I had mother and father who supported every obsession. I distinctly recall my father asking one day, “Son, you’re only 14; what could you possibly want with an air compressor?” To which I responded, “I want to airbrush t-shirts and shorts to sell to my classmates and friends.”

All right then. And we would go out and get it. I would play with it and I’d obsess over it. During the summers, when I went off my medication and my body was wrecked with the effects of withdrawal, my mother sat by my side, literally coaxing the migraines out of me. With their support, I was able to explore, and my obsessions grew and multiplied, and I was able to maintain my sanity.

Schools need to develop a better attitude towards students with ADHD, as well. There’s plenty of examples out there. For instance, the Eagle Hill School, in Hardwick, Massachusetts. The Eagle Hill School believes that every student can learn. That learning differently requires teaching differently.

And that we must educate our kids, our students, to learn about learning in order to form new beliefs in a search for intellectual autonomy. Professors who act more as mentors, as opposed to disciplinarians, inspire me. When teachers level with me, I feel like I’m more in control; that there’s a dialogue regarding new ways of thinking and approaching a problem, focusing, completing tasks. We have to create and develop a healthier relationship with medication. I think that Ritalin, Adderall, Concerta should only be prescribed to someone who can physically handle the effects of these drugs and their withdrawal.

12 is far too young; 16 is still too young. There are so many alternatives to medication. Studies have shown that for some it’s just an added weight or pressure to help them focus. And these things exist.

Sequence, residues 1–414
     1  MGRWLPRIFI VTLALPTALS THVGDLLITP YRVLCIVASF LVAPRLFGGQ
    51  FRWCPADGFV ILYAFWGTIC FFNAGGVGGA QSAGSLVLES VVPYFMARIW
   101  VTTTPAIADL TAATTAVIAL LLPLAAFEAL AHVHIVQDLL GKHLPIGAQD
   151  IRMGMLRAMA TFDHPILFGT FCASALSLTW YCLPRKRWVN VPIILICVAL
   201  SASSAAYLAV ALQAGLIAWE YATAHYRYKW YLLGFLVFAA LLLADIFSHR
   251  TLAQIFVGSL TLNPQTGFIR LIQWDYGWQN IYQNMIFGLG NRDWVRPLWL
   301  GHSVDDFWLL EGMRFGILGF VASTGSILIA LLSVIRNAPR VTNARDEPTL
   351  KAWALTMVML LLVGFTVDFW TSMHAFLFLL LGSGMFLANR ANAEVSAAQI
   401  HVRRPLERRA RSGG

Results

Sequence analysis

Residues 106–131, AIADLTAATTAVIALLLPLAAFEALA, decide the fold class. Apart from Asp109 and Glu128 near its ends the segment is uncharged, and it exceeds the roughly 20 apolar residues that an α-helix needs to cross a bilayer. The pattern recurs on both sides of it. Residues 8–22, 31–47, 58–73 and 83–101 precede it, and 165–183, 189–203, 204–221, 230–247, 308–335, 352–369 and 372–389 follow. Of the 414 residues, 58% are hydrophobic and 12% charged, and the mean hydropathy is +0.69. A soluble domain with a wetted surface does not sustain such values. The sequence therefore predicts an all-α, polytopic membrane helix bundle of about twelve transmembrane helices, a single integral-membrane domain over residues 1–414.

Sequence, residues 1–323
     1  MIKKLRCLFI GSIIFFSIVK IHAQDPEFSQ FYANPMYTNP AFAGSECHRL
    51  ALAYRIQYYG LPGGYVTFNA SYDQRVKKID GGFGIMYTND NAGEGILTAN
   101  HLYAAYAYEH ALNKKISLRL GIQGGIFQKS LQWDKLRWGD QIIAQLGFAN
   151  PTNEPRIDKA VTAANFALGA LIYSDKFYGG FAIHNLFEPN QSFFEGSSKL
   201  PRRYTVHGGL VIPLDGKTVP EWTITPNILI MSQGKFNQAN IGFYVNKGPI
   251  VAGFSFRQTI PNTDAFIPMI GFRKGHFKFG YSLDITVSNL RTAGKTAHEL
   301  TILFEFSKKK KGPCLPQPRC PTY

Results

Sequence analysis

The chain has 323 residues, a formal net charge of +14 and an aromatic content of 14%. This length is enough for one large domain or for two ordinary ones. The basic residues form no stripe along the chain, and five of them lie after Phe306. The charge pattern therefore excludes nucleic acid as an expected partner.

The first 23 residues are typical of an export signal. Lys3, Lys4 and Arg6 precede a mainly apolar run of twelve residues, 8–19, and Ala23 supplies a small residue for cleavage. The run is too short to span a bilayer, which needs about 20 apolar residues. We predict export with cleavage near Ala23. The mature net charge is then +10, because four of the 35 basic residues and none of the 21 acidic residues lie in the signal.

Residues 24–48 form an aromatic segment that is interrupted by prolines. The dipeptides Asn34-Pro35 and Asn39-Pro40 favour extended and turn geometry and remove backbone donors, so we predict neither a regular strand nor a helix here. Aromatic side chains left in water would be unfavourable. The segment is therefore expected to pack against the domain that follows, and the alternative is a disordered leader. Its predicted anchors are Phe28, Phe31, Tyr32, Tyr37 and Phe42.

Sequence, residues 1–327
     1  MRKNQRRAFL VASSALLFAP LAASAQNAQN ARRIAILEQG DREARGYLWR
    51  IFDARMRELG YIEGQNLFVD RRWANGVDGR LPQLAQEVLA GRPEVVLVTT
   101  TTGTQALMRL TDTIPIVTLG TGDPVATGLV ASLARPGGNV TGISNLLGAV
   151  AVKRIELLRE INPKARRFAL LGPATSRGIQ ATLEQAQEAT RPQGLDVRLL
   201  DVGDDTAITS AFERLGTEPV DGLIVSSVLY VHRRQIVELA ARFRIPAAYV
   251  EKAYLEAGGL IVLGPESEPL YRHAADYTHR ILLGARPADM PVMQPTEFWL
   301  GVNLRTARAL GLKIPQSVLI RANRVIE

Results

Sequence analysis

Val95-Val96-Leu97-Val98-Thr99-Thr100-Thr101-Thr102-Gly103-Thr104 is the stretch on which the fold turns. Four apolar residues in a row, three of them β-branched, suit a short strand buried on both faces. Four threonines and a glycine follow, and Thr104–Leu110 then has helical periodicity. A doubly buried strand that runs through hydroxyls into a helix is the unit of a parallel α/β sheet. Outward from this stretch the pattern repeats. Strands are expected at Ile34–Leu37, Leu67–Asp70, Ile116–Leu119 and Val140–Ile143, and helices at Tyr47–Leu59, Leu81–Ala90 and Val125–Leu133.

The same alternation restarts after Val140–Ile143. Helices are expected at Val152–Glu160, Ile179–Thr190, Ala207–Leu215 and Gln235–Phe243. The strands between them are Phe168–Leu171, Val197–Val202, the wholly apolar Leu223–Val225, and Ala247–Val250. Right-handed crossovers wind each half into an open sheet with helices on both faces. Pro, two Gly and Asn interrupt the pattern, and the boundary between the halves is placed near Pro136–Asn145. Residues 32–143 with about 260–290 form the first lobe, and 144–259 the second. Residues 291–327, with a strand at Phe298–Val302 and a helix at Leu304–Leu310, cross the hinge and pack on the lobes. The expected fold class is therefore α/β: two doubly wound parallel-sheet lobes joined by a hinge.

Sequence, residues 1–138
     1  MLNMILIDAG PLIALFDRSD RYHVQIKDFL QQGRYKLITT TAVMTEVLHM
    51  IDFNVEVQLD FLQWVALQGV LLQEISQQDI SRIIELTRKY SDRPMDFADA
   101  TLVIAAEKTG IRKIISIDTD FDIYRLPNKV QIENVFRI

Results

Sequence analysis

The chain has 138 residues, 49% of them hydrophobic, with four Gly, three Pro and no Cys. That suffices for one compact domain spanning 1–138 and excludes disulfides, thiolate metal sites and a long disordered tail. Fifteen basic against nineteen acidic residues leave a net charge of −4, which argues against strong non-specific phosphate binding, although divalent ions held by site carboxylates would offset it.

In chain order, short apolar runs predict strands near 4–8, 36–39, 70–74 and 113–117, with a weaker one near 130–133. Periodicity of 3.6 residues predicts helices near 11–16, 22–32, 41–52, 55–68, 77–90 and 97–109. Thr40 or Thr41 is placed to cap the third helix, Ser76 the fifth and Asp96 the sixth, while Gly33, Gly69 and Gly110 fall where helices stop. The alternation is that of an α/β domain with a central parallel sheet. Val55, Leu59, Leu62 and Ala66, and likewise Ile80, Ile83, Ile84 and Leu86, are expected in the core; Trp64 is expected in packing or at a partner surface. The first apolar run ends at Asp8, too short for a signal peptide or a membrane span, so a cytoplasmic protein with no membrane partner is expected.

There are weighted pads that help people feel more comfortable so they can complete tasks on time. For some people, it’s tics, like chewing pencils, so give them rubber coated pencils. We have to teach kids to teach themselves; it’s the best thing we can do for our kids. And lastly, our society has to embrace cognitive diversity. For example, Specialisterne, or The Specialist, is a Danish organization that trains people with autism and ADHD as consultants in IT and other more technically oriented tasked jobs.

We have to turn this joke around on those who believe that my disorder divides me from my more “normal peers”. Besides, who here at Carnegie Mellon really qualifies as normal, anyway? A great author, a masterful playwright and a sublime poet once wrote, any guesses to who I speak of? Shakespeare! Thou art correct! Shakespeare sonnet 121:

’Tis better to be vile than vile esteemed
When not to be receives reproach of being,
And the just pleasure lost, which is so deemed
Not by our feeling but by others’ seeing.
For why should others’ false adulterate eyes
Give salutation to my sportive blood?
Or on my frailties why are frailer spies,
Which in their wills count bad that I think good?
No, I am that I am; and they that level
At my abuses reckon up their own:
I may be straight though they themselves be bevel;
By their rank thoughts my deeds must not be shown,
Unless this general evil they maintain:
All men are bad and in their badness reign.

In sonnet 121 Shakespeare condemns hypocrisy.

He implores us not to let others’ false adulterate eyes condemn us for something that they believe us to be. He begs you not to let the selfish, negative comments of others hinder the just pleasures owed to you. A hierarchy of frailer spies have asked me to conform to society’s means I purpose the opposite, I purpose let society conform to me.

And I implore you to do the same. I’ll leave you with something that Robin Williams, a poster child for us in the ADHD community, once said, “We are all only given a little spark of madness. You mustn’t lose it.”

Thank you!